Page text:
“Yep, but everybody does it.” Her daughter grinned widely, angling the device so Sarah could see the screen. “Does this look like him?”

  “Oh. Yes, it does.” And she didn’t have to ask the identity of the woman next to him in the photograph. The stunning brunette was Georgette Ogilvie, who last year left her job as news anchor at Vancouver’s top-rated TV station, divorced her husband, and was already remarried and living in Europe. So...Jonathan Marshall was the ex-husband.

  “He used to be married to that lady from the TV.” Casey swiped the screen. “And they have a daughter named Kate.”

  Sarah stood and glanced out the window in time to see him on the driveway below, opening the back of his SUV and hauling out two potted plants. Thinking that a man who kept houseplants must have something going for him was silly, but she thought it just the same. And he was a teacher, after all, and a parent. Probably a good parent, since he seemed to have custody of his daughter.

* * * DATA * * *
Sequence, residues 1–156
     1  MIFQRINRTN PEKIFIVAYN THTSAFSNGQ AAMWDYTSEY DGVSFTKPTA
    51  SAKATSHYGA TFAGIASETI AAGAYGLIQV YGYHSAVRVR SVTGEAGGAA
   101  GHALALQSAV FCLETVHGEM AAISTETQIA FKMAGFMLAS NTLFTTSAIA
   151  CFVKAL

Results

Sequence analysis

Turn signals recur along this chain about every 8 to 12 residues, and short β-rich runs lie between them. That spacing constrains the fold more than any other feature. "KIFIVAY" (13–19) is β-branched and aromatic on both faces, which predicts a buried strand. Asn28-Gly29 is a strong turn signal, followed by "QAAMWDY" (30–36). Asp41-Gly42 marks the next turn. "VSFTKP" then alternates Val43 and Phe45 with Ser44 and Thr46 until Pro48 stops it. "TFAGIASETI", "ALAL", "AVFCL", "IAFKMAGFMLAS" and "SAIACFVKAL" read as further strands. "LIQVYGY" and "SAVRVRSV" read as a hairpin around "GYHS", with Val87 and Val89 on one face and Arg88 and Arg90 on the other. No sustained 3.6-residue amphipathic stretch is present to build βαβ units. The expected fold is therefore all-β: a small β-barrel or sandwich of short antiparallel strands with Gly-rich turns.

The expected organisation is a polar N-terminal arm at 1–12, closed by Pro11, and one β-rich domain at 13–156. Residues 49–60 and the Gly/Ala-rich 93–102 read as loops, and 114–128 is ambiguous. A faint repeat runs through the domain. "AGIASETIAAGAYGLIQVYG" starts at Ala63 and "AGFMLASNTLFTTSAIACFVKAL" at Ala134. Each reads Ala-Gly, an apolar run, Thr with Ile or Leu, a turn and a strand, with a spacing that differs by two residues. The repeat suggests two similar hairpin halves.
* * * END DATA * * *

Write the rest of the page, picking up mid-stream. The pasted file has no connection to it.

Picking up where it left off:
“Says here that he used to teach at a high school in West Vancouver and...oh, he coaches soccer. Cool. I wonder if he’ll coach my team.”

  “I don’t know, and you can’t very well ask him.”

  “Why not?”

  “Because he’ll wonder how you found out he’s a coach.”

  Casey flashed another grin. “Good point. I’ll have to be more subtle.”

  The thought of her daughter being anything other than direct had Sarah smiling as she turned back to her desk, organized the invoices and bank statements that still hadn’t been entered into her accounting program, and tucked them into her briefcase. She would have to take them to the store and hope to carve some time out of a busy afternoon to process them. Otherwise she’d have to put in an extra hour or two tonight.

  “I’ll run downstairs and see what we have for lunch, then I have to get to the shop. Juliet’s on her own this morning and she’ll need a break. What would you like?”

  “What’ve we got?”

  Not much. “Grilled cheese sandwiches?”